What was more interesting, was the fact that many of the villages on the resort islands are actually "employee" villages, comprising Fijian's from all over Fiji that come to work in the resorts. Part of their employment conditions is that they have to reside in these villages and are then transported back to their "native" villages to spend their days off. The number of days that they get off depend on the shift they are allocated, which is also dependent on the role that they perform at the resort. For example, six days on and one day off or nine days on and three dsys off or twenty-one days on and five days off. Although the villagers are away from their families during their stay in the "employee" village, these are fully functioning villages, with the village church, traditional cooking, gardening etc. So, all the boats we've seen ferrying people back and forth to the various islands every day are not, in fact, ferrying workers to and from work every day, but rather getting villagers to and from their "native" villages at the start and end of their days off.
Although we already think that the Fijian people are amongst the friendliest and most welcoming we have met throughout all of our sailing adventures, we definitely have a higher regard for them now, considering what they give up in order to work and cater to guests in the resorts.
We also received an official welcome to the Malolo village, which is traditional in Fiji. However, in this instance, it was not a "sevusevu" ceremony due to the villagers giving up "kava", but rather an elder from the village addressing us during the church service.
Feeling enlightened by our experience this morning, we dinghied out to the sandbar for some snorkeling this afternoon before returning to Paw Paw for what we thought was going to be a lazy evening aboard. Then Georgia (Chris and Paul) and their visitors stopped by to invite us ashore for drinks at the MCYC Island Bar. Needless to say, we didn't have to be asked twice and enjoyed another round of sundowners as the sun dropped below the horizon.
It was a bittersweet morning as we bid farewell and waved our goodbyes to all the participants of the 2017 World ARC fleet as, one by one, they passed by Paw Paw, especially Ain't Fancy (Betina and Dirk) and Take Off (Louise and Jorgan). It was very evident that, although our original plan was to rejoin the rally from Fiji and this fleet in particular, Elaine is definitely not fit enough to cross an ocean right now, never mind two and making the decision to take our time getting to Australia this sailing season has indeed been a wise one.
It was a little disappointing, although not expected, when we never received a single invite from the organisers to attend one of the World ARC functions this past week. Given that we were the only other World ARC yacht in the anchorage from a past rally and the fact that we had paid for all the events from Tahiti to Australia which we never used lasy year, a gesture of goodwill would have been very much appreciated. Regardless though, it was lovely to learn that so many of the yachts were following our blog and indeed praised it.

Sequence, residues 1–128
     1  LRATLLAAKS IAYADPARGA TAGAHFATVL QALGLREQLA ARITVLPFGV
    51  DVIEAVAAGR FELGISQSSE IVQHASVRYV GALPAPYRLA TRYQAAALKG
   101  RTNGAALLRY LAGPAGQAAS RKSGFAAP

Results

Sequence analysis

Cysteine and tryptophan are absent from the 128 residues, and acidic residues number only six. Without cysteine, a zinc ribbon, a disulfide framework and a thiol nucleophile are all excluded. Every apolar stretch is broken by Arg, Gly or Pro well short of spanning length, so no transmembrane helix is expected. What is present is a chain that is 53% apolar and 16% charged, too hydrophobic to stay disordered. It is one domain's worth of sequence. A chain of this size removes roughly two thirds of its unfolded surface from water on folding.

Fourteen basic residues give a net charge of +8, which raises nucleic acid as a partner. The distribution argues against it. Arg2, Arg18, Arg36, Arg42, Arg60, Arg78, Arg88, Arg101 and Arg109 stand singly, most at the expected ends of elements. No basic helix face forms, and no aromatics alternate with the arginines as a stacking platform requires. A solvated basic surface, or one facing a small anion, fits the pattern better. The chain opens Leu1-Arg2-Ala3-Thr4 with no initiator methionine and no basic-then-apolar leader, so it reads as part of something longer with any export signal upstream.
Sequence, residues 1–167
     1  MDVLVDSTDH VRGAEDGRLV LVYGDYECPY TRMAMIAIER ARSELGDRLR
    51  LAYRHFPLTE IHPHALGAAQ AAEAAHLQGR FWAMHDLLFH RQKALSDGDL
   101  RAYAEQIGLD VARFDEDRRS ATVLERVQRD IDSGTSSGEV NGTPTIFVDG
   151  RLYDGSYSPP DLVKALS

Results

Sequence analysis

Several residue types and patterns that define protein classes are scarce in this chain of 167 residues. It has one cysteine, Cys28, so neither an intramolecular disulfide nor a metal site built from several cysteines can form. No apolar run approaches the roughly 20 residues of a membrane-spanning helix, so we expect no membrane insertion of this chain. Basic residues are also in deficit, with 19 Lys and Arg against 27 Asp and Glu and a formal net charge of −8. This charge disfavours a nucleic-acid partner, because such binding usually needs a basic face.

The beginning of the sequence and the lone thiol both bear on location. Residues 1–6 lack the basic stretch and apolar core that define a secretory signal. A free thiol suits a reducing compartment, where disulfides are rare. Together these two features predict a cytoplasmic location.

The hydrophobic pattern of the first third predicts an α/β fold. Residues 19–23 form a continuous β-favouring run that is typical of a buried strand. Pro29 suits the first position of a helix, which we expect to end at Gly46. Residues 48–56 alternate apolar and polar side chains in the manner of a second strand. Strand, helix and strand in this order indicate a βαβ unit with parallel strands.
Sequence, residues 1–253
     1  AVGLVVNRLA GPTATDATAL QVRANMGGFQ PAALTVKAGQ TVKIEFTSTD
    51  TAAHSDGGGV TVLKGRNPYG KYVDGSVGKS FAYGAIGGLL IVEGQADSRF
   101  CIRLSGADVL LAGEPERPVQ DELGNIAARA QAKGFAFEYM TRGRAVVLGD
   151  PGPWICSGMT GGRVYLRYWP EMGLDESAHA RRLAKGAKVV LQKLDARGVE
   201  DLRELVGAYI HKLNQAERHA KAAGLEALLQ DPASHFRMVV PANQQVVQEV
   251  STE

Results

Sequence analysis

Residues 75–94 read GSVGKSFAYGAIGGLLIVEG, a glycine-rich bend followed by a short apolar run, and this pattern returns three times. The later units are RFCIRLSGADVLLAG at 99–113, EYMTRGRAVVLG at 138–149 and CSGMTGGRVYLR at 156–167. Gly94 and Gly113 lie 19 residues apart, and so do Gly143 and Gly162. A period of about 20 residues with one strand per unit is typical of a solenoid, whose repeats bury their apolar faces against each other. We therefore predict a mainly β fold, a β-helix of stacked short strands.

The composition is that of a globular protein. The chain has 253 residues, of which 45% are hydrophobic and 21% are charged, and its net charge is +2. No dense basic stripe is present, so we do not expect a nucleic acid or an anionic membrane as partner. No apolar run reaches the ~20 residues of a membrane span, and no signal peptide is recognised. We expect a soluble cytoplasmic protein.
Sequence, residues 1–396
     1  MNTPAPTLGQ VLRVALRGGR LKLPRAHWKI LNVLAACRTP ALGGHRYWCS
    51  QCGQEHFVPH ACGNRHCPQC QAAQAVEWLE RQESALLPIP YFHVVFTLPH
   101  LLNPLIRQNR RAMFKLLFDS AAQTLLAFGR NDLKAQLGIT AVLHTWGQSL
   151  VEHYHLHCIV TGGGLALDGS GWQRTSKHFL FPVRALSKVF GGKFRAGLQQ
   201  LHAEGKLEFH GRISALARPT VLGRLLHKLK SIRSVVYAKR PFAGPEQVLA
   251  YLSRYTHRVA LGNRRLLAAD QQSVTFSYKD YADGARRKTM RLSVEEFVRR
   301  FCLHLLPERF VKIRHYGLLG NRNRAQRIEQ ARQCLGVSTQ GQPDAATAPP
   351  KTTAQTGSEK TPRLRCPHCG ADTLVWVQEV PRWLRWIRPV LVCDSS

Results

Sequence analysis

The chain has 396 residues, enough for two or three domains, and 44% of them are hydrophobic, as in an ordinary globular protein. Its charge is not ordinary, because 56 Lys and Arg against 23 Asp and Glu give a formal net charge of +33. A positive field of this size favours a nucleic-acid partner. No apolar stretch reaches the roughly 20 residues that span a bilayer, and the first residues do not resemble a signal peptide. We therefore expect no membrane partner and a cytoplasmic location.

As the fleet sailed out of view, Elaine enjoyed a swim off the back of Paw Paw, while Roy worked on, what is now, our new look and feel website. By then it was time to head ashore for a light lunch and an exercise walk.
This evening we enjoyed sundowners at Dick's Place and another barbecue aboard.
The past two days we've had early starts again, primarily to catch buses. Yesterday we headed to Nadi for Elaine's doctor's appointment, followed by her physiotherapy appointment, which ended up taking up most of the morning and feeling more like a torture chamber, since the physiotherapist had to work to get all the spasms out off both Elaine's feet and legs, after her disastrous walk last week. Fortunately it also marked a major milestone in her rehabilitation; although really difficult, weight-bearing strength training has started. Feeling a little overwhelmed by it all, we have made the decision to rather return to Malolo Lailai for at least the next two weeks rather than sailing around the other Yasawa Islands, which will allow Elaine to focus all her attention on this, all important, final stage of her recovery.
On our return to Port Denarau, we enjoyed lunch at Cardo's before the morning caught up with Elaine. Exhausted she spent the remainder of the afternoon in bed. We did, however, head ashore in the evening for an ice-cream and to enjoy the Fijian Dance Show.
Roy also surprised Elaine with a gift to help her monitor this final stage of her recovery and beyond; a fitbit. Very nifty device indeed!
Today we had a lovely surprise just before boarding our bus to Nadi / Lautoka en route to the airport. Roy bumped into Take Off (Louise and Jordan) from last year's World ARC in the marina office. They then accompanied him to the bus stop, to see Elaine, where she was waiting for Roy.
After catching up with them, we spent the rest of the day collecting our parcel from the post office at the airport and provisioning. Eventually received this parcel meant Roy was able to fix the last of the issues that occurred on our passage from hell; the mast winch. We also squeezed in an inexpensive lunch at one of the local Indian restaurants, before returning to Paw Paw for our 4th July "celebrations" aboard.
The day ended on the best note possible ; facetiming the family in Oregon and having William actually call Elaine "grandma" for the first time. Needless to say, her heart simply melted! Numerous attempts to get him to say "grandpa" failed, however, since he kept repeating a very enthusiastic "hi" to Roy.